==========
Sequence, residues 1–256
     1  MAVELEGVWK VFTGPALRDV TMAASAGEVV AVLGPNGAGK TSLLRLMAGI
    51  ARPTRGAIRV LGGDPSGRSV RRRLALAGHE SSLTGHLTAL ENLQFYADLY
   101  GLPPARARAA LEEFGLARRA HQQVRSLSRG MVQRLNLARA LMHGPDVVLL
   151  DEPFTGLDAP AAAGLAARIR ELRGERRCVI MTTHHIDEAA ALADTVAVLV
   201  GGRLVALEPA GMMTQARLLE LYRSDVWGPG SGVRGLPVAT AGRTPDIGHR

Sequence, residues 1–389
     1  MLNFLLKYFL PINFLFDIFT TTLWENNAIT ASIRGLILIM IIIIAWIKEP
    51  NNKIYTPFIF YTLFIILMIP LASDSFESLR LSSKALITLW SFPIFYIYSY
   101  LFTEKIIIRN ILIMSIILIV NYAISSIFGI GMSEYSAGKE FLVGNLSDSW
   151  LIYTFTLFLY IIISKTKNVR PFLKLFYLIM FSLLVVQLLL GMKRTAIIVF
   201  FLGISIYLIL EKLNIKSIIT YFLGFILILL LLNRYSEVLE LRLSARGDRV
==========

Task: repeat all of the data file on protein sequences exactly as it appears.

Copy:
Sequence, residues 1–256
     1  MAVELEGVWK VFTGPALRDV TMAASAGEVV AVLGPNGAGK TSLLRLMAGI
    51  ARPTRGAIRV LGGDPSGRSV RRRLALAGHE SSLTGHLTAL ENLQFYADLY
   101  GLPPARARAA LEEFGLARRA HQQVRSLSRG MVQRLNLARA LMHGPDVVLL
   151  DEPFTGLDAP AAAGLAARIR ELRGERRCVI MTTHHIDEAA ALADTVAVLV
   201  GGRLVALEPA GMMTQARLLE LYRSDVWGPG SGVRGLPVAT AGRTPDIGHR

Sequence, residues 1–389
     1  MLNFLLKYFL PINFLFDIFT TTLWENNAIT ASIRGLILIM IIIIAWIKEP
    51  NNKIYTPFIF YTLFIILMIP LASDSFESLR LSSKALITLW SFPIFYIYSY
   101  LFTEKIIIRN ILIMSIILIV NYAISSIFGI GMSEYSAGKE FLVGNLSDSW
   151  LIYTFTLFLY IIISKTKNVR PFLKLFYLIM FSLLVVQLLL GMKRTAIIVF
   201  FLGISIYLIL EKLNIKSIIT YFLGFILILL LLNRYSEVLE LRLSARGDRV